But I would deem it extremely rare in actual usage today.
Arne
It is my prefered way to send something from VMS to my mail.
ZIP the file.
UUencode th ZIP file.
MAIL the UUE file to myself.
It always ends up as a normal attachment in my (Outlook) mail.
But... But.. It's old. It can't possibly be usable...
It is *very* usable...
or the correct solution to a problem, right?
To what problem? To view a file that is not othervise viewable
on VMS, it works perfectly well. Or what is "a problem"?
Me thinks in this case the "problem" is perhaps an inability to recognize sarcasm?
Ah, right. I think I see Bills point know... :-)
Yes, you are right Bill, how can this possibly be usable... :-)
Stephen Hoffman
2017-04-11 14:39:34 UTC
Permalink
Raw Message
Post by David Froble
Me thinks in this case the "problem" is perhaps an inability to recognize sarcasm?
Wait... Sarcasm? I thought the whole thread was satire?
--
Pure Personal Opinion | HoffmanLabs LLC
Arne Vajhøj
2017-04-12 02:27:30 UTC
Permalink
Raw Message
Post by Jan-Erik Soderholm
Post by Arne Vajhøj
Post by Bill Gunshannon
Uuencode is actually still used. Ships as part of the base of FreeBSD
and I would be surprised if the same wasn't true for Linux. It didn't
go away, MIME just added other forms of encoding that were better in
certain conditions.
uuencode is stille available in many software.
But I would deem it extremely rare in actual usage today.
It is my prefered way to send something from VMS to my mail.
ZIP the file.
UUencode th ZIP file.
MAIL the UUE file to myself.
It always ends up as a normal attachment in my (Outlook) mail.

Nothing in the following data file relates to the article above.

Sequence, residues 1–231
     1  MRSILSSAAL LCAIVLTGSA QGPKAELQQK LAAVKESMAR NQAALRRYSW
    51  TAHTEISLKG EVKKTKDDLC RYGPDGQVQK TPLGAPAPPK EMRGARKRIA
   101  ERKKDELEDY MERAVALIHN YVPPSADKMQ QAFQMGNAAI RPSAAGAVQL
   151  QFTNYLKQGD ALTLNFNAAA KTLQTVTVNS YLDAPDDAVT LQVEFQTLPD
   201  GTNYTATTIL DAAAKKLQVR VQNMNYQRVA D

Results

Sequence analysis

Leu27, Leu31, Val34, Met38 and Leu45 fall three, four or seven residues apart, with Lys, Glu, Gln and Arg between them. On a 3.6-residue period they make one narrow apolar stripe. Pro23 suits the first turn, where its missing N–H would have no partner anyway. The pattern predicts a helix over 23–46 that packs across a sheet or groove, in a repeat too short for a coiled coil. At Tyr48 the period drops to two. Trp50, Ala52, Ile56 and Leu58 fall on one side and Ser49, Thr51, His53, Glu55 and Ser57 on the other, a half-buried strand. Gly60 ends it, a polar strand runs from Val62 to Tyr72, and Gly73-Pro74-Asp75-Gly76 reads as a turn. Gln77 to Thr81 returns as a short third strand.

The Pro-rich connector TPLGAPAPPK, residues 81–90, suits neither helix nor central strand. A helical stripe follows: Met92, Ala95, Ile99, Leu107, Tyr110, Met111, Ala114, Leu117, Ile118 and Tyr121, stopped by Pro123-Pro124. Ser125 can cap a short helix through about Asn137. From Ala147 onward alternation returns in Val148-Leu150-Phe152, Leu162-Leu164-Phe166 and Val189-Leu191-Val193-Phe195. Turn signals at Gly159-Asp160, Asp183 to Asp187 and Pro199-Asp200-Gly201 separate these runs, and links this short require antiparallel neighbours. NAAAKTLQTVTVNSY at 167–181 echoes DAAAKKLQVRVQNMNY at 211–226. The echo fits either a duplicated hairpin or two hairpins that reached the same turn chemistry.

But wouldn't B64 also work?

And maybe even just /FOREIGN?

Arne
Tom
2017-04-11 07:23:11 UTC
Permalink
Raw Message
Post by Bill Gunshannon
I am not trying to push old for the sake of old I am trying to
demonstrate that newer is not synonymous with better and sometimes
one needs to look to the past to find where they went off the path
and how to get back on it.
I probably should of mentioned that the DECUS UUCP project had two goals.

1) Bring a solid and reliable UUCP to VMS systems so that they could join
in the fun.

Even though we were on UUCP, Jamie and I used to have near real time
discussions using mail. (We were neighbors in the tree.)


2) Create a network of VMS systems using UUCP for discussions relevant to
VAXes and VMS. Originally, the VMSnet was intended to be seperate from the
USEnet. We started out doing our own email routing and newsgroup
distributions. (That's how we got the creation of the VMSnet newsgroup tree
past the "Gods of the USEnet.")

The VMSnet newsgroup tree is still there. It's pretty much descended into
garbage and spam.

But, I wonder if it would be worth it to prune the tree, and then see if we
could send out newgroup messages to convert the remaining groups from open
access to moderated.


--- tom

PS: I remember VT52's. I had to repair one once, and was able to track the
problem to a single bad IC out of the 30+ chips on the motherboard.
Paul Sture
2017-04-11 19:42:26 UTC
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Post by Tom
PS: I remember VT52's. I had to repair one once, and was able to track the
problem to a single bad IC out of the 30+ chips on the motherboard.
The VT52s we had died at regular intervals, always from the same
problem. PSU or a capacitor, I forget the details now, but it was a
lengthy process to get to the offending part[1], and the same time to
reassemble everything afterwards.

The VT100 and subsequent VTs were a lot easier to get into, and I don't
readily recall any of them failing. In comparison certain OEM models
had the life of a fruit fly.

[1] my memory says 45 minutes to disassemble, 45 minutes to reassemble,
and those were official DEC book times, which seems hard to believe
nowadays, but even halving it comes out at 45 minutes for the full job.
--
The First of April: The only day of the year that people critically
evaluate news stories before believing them.
Tom
2017-04-11 07:05:43 UTC
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Post by Simon Clubley
$ set response/mode=good_natured